AT&T Inc. (NYSE:T) released its earnings numbers for the three months through June this afternoon after the market heard the ring of the bell on Wall Street. The company revealed earnings per share of $0.62 for its second quarter of fiscal 2014. Revenue for the period came in at $32.6billion. On today’s market trading of the company’s stock was mostly flat, and the shares finished at $35.88.

AT&T

In the second quarter of last year AT&T Inc. (NYSE:T) managed to earn 67 cents per share on revenue totaling $32.3 billion. Before today’s announcement analysts were, by consensus, looking for the company to show earnings of 63 cents per share on revenue totaling $33.3 billion. The consensus numbers were taken from a Bloomberg survey of 26 analysts following the company.

AT&T lags as market changes

AT&T Inc (NYSE:T) and its major competitor Verizon Communications Inc. (NYSE:VZ) were both caught off guard recently by upstart T-Mobile, which ran a successful ad campaign that may have changed the wireless market forever. T-Mobile changed its business model by offering a different kind of smartphone plan, which uncoupled smartphone subsidies from customer bills.

The plan, which was a keystone of the “Uncarrier” marketing campaign, allowed users to upgrade more frequently and was a boon to the margins of the company. Both AT&T Inc (NYSE:T) and Verizon Communications Inc. (NYSE:VZ) followed suit with their own versions of the idea, but investors have fallen in line behind T-Mobile and its disruptive effect on the carrier market in the United States.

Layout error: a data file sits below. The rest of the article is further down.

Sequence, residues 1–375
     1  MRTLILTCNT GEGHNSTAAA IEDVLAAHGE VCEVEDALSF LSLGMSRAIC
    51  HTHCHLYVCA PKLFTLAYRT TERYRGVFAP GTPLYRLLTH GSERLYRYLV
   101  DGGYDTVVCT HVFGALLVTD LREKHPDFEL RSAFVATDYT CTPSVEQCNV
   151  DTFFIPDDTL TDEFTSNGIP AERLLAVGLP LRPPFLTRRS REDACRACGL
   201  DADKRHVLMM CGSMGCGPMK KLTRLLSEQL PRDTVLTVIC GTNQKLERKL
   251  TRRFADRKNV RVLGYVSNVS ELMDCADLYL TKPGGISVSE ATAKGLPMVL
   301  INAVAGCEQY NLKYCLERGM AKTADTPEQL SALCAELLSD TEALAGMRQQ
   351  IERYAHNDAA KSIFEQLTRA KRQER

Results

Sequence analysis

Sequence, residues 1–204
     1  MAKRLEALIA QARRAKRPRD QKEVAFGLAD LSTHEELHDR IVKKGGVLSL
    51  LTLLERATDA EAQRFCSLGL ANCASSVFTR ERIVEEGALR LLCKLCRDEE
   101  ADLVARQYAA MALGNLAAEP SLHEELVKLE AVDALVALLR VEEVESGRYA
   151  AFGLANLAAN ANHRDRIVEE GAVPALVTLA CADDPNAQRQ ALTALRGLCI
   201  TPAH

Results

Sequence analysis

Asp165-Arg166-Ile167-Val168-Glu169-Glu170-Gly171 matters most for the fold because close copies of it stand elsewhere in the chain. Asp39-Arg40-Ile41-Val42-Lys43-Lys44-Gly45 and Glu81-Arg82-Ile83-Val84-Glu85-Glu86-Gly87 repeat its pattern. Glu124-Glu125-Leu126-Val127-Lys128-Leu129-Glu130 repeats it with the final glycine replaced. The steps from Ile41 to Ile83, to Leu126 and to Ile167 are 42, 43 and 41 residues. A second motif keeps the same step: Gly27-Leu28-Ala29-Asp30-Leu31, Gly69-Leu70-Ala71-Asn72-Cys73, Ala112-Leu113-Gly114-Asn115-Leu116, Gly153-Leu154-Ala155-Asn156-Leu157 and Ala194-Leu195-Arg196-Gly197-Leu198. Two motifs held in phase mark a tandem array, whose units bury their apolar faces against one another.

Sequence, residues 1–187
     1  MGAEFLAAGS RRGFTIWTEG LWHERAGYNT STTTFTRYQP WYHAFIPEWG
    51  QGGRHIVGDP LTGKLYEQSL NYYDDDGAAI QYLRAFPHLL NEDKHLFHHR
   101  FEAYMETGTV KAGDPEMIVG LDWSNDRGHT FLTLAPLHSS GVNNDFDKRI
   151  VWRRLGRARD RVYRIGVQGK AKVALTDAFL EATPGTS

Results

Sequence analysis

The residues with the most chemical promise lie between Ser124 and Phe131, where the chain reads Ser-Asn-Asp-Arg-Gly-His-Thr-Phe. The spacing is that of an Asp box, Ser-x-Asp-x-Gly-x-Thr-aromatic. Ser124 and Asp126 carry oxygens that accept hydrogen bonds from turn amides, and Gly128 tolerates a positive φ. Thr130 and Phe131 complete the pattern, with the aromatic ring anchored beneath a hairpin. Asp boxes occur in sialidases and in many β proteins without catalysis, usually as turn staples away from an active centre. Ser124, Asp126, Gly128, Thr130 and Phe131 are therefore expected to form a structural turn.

In the last twelve months shares in AT&T Inc (NYSE:T) have gained the slimmest of fractions. Those in T-Mobile have managed to explode in value, increasing by around 30%. With expectations riding on T-Mobile, and the smartphone market getting close to a saturated level, it seems that the market is assuming the smaller carrier will steal subscribers away from T-Mobile.

AT&T looks to the future

The major wireless carriers in the United States are attempting to completely change the way they operate. They don’t, in the new paradigm, need to actually own the cell phone towers they operate on, they just need to own the spectrum their wireless signals travel on. The company’s margins are supposed to increase on the back of that development as well as the change in the way cell carriers handle the subsidies they pay to smartphone companies.

Those aren’t the only changes that are likely to shake the company in the second half of 2014, however. A proposed merger between the firm and DirecTV was announced earlier on in 2014, and would make the company a one-of-a-kind data powerhouse. Whether or not that deal is going to manage to pass the oversight of regulators is anyone’s guess, but the results of such a merger, should it be agreed to, would shake the market’s foundation.

AT&T Inc. (NYSE:T) may be at one of the most dramatic turning points in its history, and the company’s future is likely to turn on events that happen in the second half of the year. What that means for shareholders, particularly after the underperformance of the last year, is impossible to predict.